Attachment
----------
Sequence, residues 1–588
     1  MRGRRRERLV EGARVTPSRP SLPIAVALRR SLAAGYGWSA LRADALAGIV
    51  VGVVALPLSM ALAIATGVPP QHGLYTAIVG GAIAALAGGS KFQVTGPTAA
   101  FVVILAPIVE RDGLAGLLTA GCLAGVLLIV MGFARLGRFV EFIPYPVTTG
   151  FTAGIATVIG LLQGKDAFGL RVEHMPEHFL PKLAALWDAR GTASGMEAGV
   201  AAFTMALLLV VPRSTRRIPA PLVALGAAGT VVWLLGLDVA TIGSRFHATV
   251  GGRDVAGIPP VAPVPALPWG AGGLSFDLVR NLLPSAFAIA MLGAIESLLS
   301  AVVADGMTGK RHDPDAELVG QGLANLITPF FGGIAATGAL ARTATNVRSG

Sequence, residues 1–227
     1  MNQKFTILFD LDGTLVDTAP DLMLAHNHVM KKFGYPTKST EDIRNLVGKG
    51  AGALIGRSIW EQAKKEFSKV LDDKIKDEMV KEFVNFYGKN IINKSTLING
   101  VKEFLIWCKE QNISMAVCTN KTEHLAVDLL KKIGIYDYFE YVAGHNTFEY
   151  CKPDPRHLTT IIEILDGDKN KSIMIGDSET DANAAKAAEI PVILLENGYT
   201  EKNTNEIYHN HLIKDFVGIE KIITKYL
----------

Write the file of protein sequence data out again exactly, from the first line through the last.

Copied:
Sequence, residues 1–588
     1  MRGRRRERLV EGARVTPSRP SLPIAVALRR SLAAGYGWSA LRADALAGIV
    51  VGVVALPLSM ALAIATGVPP QHGLYTAIVG GAIAALAGGS KFQVTGPTAA
   101  FVVILAPIVE RDGLAGLLTA GCLAGVLLIV MGFARLGRFV EFIPYPVTTG
   151  FTAGIATVIG LLQGKDAFGL RVEHMPEHFL PKLAALWDAR GTASGMEAGV
   201  AAFTMALLLV VPRSTRRIPA PLVALGAAGT VVWLLGLDVA TIGSRFHATV
   251  GGRDVAGIPP VAPVPALPWG AGGLSFDLVR NLLPSAFAIA MLGAIESLLS
   301  AVVADGMTGK RHDPDAELVG QGLANLITPF FGGIAATGAL ARTATNVRSG

Sequence, residues 1–227
     1  MNQKFTILFD LDGTLVDTAP DLMLAHNHVM KKFGYPTKST EDIRNLVGKG
    51  AGALIGRSIW EQAKKEFSKV LDDKIKDEMV KEFVNFYGKN IINKSTLING
   101  VKEFLIWCKE QNISMAVCTN KTEHLAVDLL KKIGIYDYFE YVAGHNTFEY
   151  CKPDPRHLTT IIEILDGDKN KSIMIGDSET DANAAKAAEI PVILLENGYT
   201  EKNTNEIYHN HLIKDFVGIE KIITKYL